The Barbershop Book
All things change except barbers, the ways of barbers, and the surroundings of barbers. These never change. —Mark Twain
Jay Seldin gets it. His new tome, The Barbershop Book, is a sort of No Reservations-style look at barbershops in some of the most remote corners of India, China, Vietnam, Myanmar, Laos, Haiti and Cuba. Seldin, an “environmental portrait photographer,” steps out of the way and lets the grooming rituals do the talking. The Barbershop Book is a fascinating glimpse into one of man’s oldest and most common rituals: a haircut and shave at the local barbershop—some of which boast nothing more than a wooden plank, a semi-sharp blade and a couple of chickens frolicking about.
We recently had the pleasure of speaking with Mr. Seldin about The Barbershop Book…
Kempt: So, how did the idea come about to document third-world barbershops?
Seldin: Over the past 10 years, my travels have brought me to some incredibly remote locations and I started noticing the most common ritual was getting a haircut and shave. Men have been doing this for thousands of years and, regardless of the culture, the local barbershop is a conduit for news near and far, and oral history that’s passed along to the man sitting in the barber chair. In that sense, the barber in remote villages of third-world countries is very similar to the one at local barbershops here in the US. I was also fascinated by some of the strange and improvisational techniques that world barbers were doing.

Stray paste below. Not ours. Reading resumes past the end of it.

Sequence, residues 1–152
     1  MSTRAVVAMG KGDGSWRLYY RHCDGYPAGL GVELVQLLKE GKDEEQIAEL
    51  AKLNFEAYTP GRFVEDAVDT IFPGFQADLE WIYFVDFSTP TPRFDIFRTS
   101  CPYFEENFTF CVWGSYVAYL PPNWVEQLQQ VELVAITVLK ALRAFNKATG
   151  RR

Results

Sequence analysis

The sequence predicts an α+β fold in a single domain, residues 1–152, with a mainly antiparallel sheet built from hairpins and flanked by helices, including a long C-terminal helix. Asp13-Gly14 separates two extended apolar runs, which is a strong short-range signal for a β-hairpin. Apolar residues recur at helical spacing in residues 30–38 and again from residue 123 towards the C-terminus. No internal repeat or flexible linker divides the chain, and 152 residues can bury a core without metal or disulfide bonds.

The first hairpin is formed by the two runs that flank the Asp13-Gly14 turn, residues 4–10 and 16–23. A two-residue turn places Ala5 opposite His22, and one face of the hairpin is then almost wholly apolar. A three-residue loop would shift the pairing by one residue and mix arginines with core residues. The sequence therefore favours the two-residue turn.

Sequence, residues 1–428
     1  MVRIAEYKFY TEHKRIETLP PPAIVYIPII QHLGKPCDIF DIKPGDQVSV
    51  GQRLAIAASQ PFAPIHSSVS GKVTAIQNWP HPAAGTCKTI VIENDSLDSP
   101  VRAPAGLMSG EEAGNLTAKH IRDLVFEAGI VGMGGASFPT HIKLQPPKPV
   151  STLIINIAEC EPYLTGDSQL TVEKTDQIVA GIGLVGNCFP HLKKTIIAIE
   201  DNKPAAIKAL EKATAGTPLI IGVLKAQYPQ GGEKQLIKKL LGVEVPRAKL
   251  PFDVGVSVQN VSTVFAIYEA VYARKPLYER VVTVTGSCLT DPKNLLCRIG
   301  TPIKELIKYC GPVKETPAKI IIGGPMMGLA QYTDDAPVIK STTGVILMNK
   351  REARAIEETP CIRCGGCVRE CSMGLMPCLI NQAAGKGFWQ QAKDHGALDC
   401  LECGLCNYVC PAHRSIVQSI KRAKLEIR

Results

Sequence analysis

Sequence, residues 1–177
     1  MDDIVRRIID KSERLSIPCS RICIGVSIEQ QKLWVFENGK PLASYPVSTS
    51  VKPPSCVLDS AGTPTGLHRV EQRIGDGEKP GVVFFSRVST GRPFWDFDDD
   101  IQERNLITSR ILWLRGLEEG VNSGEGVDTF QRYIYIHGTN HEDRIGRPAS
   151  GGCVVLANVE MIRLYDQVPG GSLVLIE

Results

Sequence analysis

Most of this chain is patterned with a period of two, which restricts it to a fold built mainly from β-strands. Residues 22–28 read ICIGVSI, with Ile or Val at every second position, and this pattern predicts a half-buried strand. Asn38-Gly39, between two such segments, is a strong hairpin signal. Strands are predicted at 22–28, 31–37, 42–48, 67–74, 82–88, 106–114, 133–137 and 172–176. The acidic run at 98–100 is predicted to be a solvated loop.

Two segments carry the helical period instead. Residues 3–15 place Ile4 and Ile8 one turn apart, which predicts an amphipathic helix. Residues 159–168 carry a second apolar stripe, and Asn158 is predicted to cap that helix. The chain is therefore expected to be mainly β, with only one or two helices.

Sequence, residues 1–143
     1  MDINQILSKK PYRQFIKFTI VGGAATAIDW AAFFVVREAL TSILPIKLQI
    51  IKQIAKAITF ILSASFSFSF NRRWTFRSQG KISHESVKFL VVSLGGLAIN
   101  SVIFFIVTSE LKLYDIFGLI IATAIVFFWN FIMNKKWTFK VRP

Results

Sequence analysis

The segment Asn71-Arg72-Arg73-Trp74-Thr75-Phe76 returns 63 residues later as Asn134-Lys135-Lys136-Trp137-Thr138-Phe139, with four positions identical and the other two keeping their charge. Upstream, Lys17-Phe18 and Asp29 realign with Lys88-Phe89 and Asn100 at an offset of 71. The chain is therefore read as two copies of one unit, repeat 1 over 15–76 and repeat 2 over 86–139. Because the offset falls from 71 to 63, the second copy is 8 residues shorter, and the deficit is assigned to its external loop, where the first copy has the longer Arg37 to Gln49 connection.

Kempt: Like this large metal spear which appears to be headed into this man’s eye socket?
Seldin: Yikes! This was in Vietnam. I came upon a barber using sharp metal tools to clean out a client’s eye gunk and earwax. Not your typical day at the barber here in the states.
Kempt: What’s the most remote barbershop you visited?
Seldin: That’s a tough one. I remember visiting a small village in Laos off the Mekong River. The only way to get there was by boat. This barbershop didn’t even have an enclosed area. It was literally outside in the jungle where the chickens were running freely about. Although the barber had jerry-rigged electricity from a small shack about 50 feet away to run his hair clippers.
The Barbershop Book is available for purchase at The Blurb Bookstore.
All images used with permission, © Jay Seldin, 2011
- — C. Brian Smith